"Less enthusiastic" recruiting by alumni and admissions personnel caused in part last year's substantial decrease in black applications to Harvard. David L. Evans, associate director of Admissions, said yesterday.
Evans said, however, that he believes renewed efforts to attract blacks to Harvard will pay off this year, increasing to 15 the black percentage in the next freshman class.
A 20 per cent decrease in black applicants last year led to a 13 per cent drop in the number of blacks in the Class of 1977. Seventy-eight blacks registered for the current semester. 11 fewer than last year's count and 21 fewer than two years ago.
Evans is the first member of the Committee on Admissions and Scholarship Aid to publicly attribute the applicant drop to recruiting failures. L. Fred Jewett '57, dean of Admissions and Financial Aid, said last spring that the lower number of blacks applying constituted "a signal to us that we've got to get out and work."
Jewett, who could not be reached for comment yesterday, said several weeks ago that the decline resulted from "over-confidence in the upward trend of blacks accepted over the past few years."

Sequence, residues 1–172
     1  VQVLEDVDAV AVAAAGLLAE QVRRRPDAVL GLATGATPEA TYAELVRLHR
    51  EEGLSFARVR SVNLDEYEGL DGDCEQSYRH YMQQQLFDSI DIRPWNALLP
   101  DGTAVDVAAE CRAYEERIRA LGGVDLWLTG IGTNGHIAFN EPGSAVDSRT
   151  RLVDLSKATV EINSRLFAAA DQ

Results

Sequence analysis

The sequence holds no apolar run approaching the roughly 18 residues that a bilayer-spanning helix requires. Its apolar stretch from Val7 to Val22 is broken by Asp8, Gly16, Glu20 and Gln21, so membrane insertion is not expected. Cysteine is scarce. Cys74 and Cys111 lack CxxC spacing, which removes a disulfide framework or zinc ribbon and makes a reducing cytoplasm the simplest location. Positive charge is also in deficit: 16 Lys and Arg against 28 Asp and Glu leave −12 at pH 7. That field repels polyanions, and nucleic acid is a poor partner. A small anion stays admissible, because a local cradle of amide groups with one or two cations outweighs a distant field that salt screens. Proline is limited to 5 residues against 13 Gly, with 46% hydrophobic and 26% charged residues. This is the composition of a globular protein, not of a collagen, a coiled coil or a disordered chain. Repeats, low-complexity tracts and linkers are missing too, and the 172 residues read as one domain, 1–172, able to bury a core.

The Committee has purchased from the Corporation the names of 4000 black high school seniors who have been selected semi-finalists or have received Merit commendations this fall, he said. About half of these blacks will be sent a letter, now being drafted by Evans, which requests that they apply to Harvard.
If 40 to 50 per cent of the letters yield applications--as Evans said they usually do--then the increased black applicant pool would result in a 15 per cent black freshman class next Fall. The present class is six per cent black.
Evans will also visit schools along the East Coast this fall in an attempt to reverse the decline in black applications from high schools in the corridor between and including Boston and Washington. He commented, however, that successful recruiting requires "more than a one-day visit--it requires an ember burning all the time.